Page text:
Saturday, September 23, 2023

Lee Witham, Part 7 on Recreational Squash: Why do so many clubs ignore 95% of their members?

‘Do they care about the recreational player? Of course not. Do they care about the fact that most players are using the wrong ball? Apparently not.’
By LEE WITHAM (Squash Mad Special Correspondent)

The Gorilla in the room: I want to discuss a difficult issue that is very obvious, but is ignored for the convenience or comfort of those involved.

Squash is not in the best of health at the moment. Some aspects of the sport are doing extremely well. Recreational squash is not one of them.

The squash clubs and associations around the world have focused on their favourite child (performance squash) and forgotten their other children. In the 1980s (yes, 40-plus years ago) squash was the ‘in’ sport with courts sprouting up everywhere. In the 1990s this continued, and countries like Germany were building courts in record numbers.

Yet the focus was always on performance squash, with tournaments everywhere, every weekend. Squash committees were taken over by team and tournament players or parents of competitive juniors.

Do they care about the recreational player? Of course not. Do they care about the fact that most players are using the wrong ball? Apparently not.

Without recreational players, the sport of squash cannot survive. In business, companies understand that they need to look after all of their customers. In the hospitality business, which is not too far removed from the core business of our larger sports clubs, the same thing applies.

However, most squash committees never think about this stuff. Largely because these groups are often run by people whose prime objective is to look after family, friends and their own small social circle. Squash, therefore, needs to find some solutions.

Many squash associations and clubs are still referencing a Forbes article from 2003 claiming that squash is the healthiest sport in the world.

Sure, it was good press. People seemed to conveniently forget that Forbes is a publication for finance, industry, investing, and marketing topics. I am not disagreeing; squash is indeed one of the healthiest sports.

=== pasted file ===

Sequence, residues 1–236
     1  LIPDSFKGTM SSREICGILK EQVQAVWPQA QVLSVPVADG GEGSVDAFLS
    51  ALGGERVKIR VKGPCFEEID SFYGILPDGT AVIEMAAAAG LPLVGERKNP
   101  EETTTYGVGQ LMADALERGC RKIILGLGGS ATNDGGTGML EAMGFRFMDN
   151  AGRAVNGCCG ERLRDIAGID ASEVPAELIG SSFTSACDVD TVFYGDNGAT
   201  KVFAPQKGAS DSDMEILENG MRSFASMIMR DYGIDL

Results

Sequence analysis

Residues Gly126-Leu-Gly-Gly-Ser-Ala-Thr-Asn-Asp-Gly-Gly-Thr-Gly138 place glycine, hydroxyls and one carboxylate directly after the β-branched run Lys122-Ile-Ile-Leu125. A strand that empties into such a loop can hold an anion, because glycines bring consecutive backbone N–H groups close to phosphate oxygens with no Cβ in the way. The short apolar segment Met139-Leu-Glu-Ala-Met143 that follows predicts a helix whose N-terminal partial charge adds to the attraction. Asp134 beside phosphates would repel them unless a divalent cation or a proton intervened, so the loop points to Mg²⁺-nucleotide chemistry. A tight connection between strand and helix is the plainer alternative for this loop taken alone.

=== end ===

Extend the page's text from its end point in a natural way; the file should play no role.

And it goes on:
However, we have to be more specific about which element of fitness we can use to differentiate ourselves from the typical gym. Otherwise, people will keep visiting the gym as it’s so convenient. It’s not simply about the calorie burn.

Giving back to squash
All companies that are associated with and benefit from squash need to give back and support the game. Each company should set aside funds to help clubs to attract new players. Without the new players, their sales figures will remain static, at best, or reflect that falling numbers apparent in so many territories.

As an example, golf very often has roadshows, where players can test the latest clubs and equipment. This used to happen in squash. The allocated funds go to paying for the courts and the local pro for a few hours as he/she organises fun events while the company representative chats with those outside the court to gather feedback. No cost to the visitors, just a fun experience.

Personally, I have sponsored pro players. Nevertheless, like most things, it’s a question of balance. The priority now is to donate to programs that encourage new players, be that through squash and education, or simply sponsor events.

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We need experts, not necessarily expert coaches
Running events for the recreational players could include social events, round robins, fundraisers, tournaments, and prize-winning competitions. These are simple ideas to build a fun experience and build a community within a club.

I’m a strong believer in the six-week cycle: Light promotion in advance, then heavy promotion of the event for two weeks, the event takes place, you produce a report on the event and gain feedback from the players. Then you start the cycle again, and promote the next event.

The obvious location for the coordinator is the reception desk. (I understand that smaller clubs may not have one). In bigger clubs, everyone coming and going must pass by and this allows for a perfect opportunity to provide new information or collect feedback. The coordinator will look at squash with a fresh pair of eyes, something we could really do with.